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Astronautic launch services provider and equipment manufacturer Space Exploration Technologies Corp. (SpaceX) is rumored to be gearing up for another funding round, suggests a report that surfaced earlier today. SpaceX, which raised roughly $2 billion in an August funding round, was said to be valued at roughly $44 billion at the time by investment firm Baron Capital - who disclosed a $27 million stake in the company. The latest funding round is said to more than double this amount, with the Hawthorne, California-based company aiming at a $96 billion valuation.
Successful Starship Prototype Test Motivates SpaceX To Push For Another Capital Raise?
While SpaceX is famous for its relanding first stage rocket boosters, its true crown jewel is thought by many to be the Starlink internet constellation. This constellation, which intends to operate as many as ten thousand small satellites at low altitudes, aims to provide internet access to rural America and overcome the barriers that current terrestrial broadband service providers face when deploying their services to far-flung regions.
The rumor of a new funding round comes
courtesy of Trade The News, courtesy of BusinessInsider with the publication providing little details except for the alleged intent of a funding round and the near $100 billion valuation.
It comes just as SpaceX successfully tested a spacecraft prototype of its Starship launch vehicle platform last week. The prototype, dubbed SN8, intends to validate the design for the upper stage of the platform which will house astronauts during their future lunar missions and deploy payloads - including the Starlink satellites - to orbit.
Riding high on its success, SpaceX was quick to seek permission for another prototype test, SN9, from authorities in Texas. However, the permission granted for Monday went to waste as the test vehicle was damaged in its storage facility as it tipped and damaged its aft (rear/bottom) fins on Friday.
The SN8 test flight was near complete success as SpaceX not only managed to reach the desired altitude but it also 'flipped' the spacecraft and managed to switch the fuel feeding the vehicle's Raptor full-flow staged-combustion methane-fuelled rocket engines from the primary tanks to the secondary tank located at the top of the vehicle.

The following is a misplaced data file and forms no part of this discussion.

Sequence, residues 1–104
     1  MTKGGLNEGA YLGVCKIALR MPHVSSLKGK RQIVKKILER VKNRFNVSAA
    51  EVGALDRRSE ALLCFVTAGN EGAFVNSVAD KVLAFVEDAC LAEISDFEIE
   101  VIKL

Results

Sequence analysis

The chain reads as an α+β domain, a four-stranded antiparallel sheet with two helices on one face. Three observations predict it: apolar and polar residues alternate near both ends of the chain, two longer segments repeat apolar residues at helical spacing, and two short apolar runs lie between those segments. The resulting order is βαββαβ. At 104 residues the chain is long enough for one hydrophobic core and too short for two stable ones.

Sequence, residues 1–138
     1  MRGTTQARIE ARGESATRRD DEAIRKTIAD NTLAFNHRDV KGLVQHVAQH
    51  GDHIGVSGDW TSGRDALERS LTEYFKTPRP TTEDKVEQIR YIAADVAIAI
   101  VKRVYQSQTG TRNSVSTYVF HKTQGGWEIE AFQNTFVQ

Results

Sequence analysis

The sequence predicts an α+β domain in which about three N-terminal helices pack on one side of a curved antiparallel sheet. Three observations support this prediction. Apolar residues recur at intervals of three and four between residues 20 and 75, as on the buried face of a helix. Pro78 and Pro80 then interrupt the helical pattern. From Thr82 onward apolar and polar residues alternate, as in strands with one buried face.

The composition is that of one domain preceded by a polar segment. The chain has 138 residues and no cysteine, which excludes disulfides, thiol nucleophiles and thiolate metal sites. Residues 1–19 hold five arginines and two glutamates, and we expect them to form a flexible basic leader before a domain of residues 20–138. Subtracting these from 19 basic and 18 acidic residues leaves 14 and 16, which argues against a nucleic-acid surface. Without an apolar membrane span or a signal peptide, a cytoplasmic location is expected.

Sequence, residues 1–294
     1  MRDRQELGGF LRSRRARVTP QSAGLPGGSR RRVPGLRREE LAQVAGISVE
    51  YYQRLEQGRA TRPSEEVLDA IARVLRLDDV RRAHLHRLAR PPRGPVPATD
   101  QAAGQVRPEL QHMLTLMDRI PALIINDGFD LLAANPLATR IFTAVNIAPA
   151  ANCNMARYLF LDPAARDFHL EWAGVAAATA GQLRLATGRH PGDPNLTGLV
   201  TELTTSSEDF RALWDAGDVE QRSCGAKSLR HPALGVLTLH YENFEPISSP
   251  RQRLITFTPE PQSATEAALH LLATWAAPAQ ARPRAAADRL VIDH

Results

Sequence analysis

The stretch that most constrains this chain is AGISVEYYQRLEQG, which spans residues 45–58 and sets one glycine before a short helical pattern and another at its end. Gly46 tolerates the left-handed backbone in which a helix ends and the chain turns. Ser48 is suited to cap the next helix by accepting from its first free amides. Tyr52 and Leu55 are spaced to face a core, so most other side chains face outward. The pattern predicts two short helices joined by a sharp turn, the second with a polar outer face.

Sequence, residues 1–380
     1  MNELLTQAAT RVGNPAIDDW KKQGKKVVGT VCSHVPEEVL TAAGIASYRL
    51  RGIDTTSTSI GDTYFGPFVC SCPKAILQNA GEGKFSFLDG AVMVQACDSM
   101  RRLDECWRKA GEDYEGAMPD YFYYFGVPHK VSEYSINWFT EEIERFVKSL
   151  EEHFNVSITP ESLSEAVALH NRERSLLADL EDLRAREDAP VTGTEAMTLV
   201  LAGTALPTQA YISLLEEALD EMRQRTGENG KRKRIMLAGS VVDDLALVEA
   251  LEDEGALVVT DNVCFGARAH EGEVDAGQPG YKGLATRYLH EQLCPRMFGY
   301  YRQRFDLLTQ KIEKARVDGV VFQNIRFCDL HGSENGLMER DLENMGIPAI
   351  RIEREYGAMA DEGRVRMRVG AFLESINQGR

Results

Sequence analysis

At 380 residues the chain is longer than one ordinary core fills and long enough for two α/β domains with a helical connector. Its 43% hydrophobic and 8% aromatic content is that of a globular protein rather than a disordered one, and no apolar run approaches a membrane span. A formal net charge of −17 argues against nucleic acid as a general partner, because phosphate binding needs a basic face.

However, this shift didn't succeed fully as before it landed, fuel supply to the rocket engine seemed to have been disrupted. This resulted in the Raptor emitting green flames as its Liquid Oxygen oxidizer started to melt the engine's copper components. The reasons behind this malfunction are best known only to SpaceX, but it is possible (pure speculation on our end) that perhaps the problem occurred due to inadequate pressurization in the secondary header tank.
For its Merlin 1D engines on the Falcon 9 rocket, SpaceX pressurizes the vehicle's fuel tanks by injecting them with hot helium gas. This gas is also used to cool down the Merlin engines and it flows to the tanks after it has passed through Merlin's nozzles and removed the heat from them, and prevented them from melting. Given that the Raptor also uses a similar mechanism for cooling, confirmed by SpaceX C.E.O. Mr. Elon Musk, a drop in fuel tank pressurization could have caused fuel to stop flowing to the Raptor engine's pumps and combustion chambers.
SpaceX's last capital run came in August when the company raised $1.9 billion and grew the list of its total investors to 75. Starship, while best known for its integral part in SpaceX's plans of making humanity an interplanetary species, will play an equally important plan in deploying the Starlink satellites - the business that Morgan Stanley believes is worth ~$81 billion in the long run.
Over the course of this year, SpaceX has launched 833 of these satellites - and should it continue at this rate with only the Falcon 9, then it will take more than ten years for the cancellation to fully deploy – a timeline that mirrors the investment bank's estimate for Starlink turning a profit.
However, if Starship becomes operational then SpaceX plans to launch up to 400 satellites at a time or roughly half of what it deployed this year. This will move the service's profitability timeline forward and allow SpaceX to rapidly build out the constellation. Following SpaceX chief operating officer Ms. Gwynne Shotwell's comments in February, that it was possible for SpaceX to spin-off Starlink and take it public, Musk denied any such plans and stated that the chances of such an occurrence were "zero". His comments came in May as he also speculated that SpaceX could earn $30 billion annually from the satellite service.
The executive also moved forward Starship's first Mars landing timeline by two years to 2022, with his previous timeline predicting high volume flights for the launch system in the same year.
Updated on December 15, 2020 14:18 with correct source link and new image.